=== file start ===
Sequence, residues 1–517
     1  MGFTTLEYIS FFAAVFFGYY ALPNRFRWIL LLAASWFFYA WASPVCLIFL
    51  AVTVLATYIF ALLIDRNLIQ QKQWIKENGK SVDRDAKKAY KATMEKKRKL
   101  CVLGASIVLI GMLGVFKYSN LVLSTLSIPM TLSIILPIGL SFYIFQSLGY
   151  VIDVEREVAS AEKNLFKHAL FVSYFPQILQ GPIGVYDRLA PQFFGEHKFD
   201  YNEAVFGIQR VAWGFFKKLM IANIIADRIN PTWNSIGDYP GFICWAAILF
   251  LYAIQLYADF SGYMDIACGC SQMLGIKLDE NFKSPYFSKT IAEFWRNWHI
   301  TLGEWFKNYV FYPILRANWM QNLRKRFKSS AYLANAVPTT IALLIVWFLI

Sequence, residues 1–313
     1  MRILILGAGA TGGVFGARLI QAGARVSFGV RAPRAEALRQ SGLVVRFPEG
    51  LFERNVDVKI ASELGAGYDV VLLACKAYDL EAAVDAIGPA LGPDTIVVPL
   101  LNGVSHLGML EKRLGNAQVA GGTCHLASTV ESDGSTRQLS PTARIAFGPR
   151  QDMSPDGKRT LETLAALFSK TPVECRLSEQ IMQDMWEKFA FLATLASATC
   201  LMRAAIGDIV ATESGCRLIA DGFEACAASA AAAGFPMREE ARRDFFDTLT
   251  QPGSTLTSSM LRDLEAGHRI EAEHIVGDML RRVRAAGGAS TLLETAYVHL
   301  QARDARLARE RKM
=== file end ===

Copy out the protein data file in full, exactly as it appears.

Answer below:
Sequence, residues 1–517
     1  MGFTTLEYIS FFAAVFFGYY ALPNRFRWIL LLAASWFFYA WASPVCLIFL
    51  AVTVLATYIF ALLIDRNLIQ QKQWIKENGK SVDRDAKKAY KATMEKKRKL
   101  CVLGASIVLI GMLGVFKYSN LVLSTLSIPM TLSIILPIGL SFYIFQSLGY
   151  VIDVEREVAS AEKNLFKHAL FVSYFPQILQ GPIGVYDRLA PQFFGEHKFD
   201  YNEAVFGIQR VAWGFFKKLM IANIIADRIN PTWNSIGDYP GFICWAAILF
   251  LYAIQLYADF SGYMDIACGC SQMLGIKLDE NFKSPYFSKT IAEFWRNWHI
   301  TLGEWFKNYV FYPILRANWM QNLRKRFKSS AYLANAVPTT IALLIVWFLI

Sequence, residues 1–313
     1  MRILILGAGA TGGVFGARLI QAGARVSFGV RAPRAEALRQ SGLVVRFPEG
    51  LFERNVDVKI ASELGAGYDV VLLACKAYDL EAAVDAIGPA LGPDTIVVPL
   101  LNGVSHLGML EKRLGNAQVA GGTCHLASTV ESDGSTRQLS PTARIAFGPR
   151  QDMSPDGKRT LETLAALFSK TPVECRLSEQ IMQDMWEKFA FLATLASATC
   201  LMRAAIGDIV ATESGCRLIA DGFEACAASA AAAGFPMREE ARRDFFDTLT
   251  QPGSTLTSSM LRDLEAGHRI EAEHIVGDML RRVRAAGGAS TLLETAYVHL
   301  QARDARLARE RKM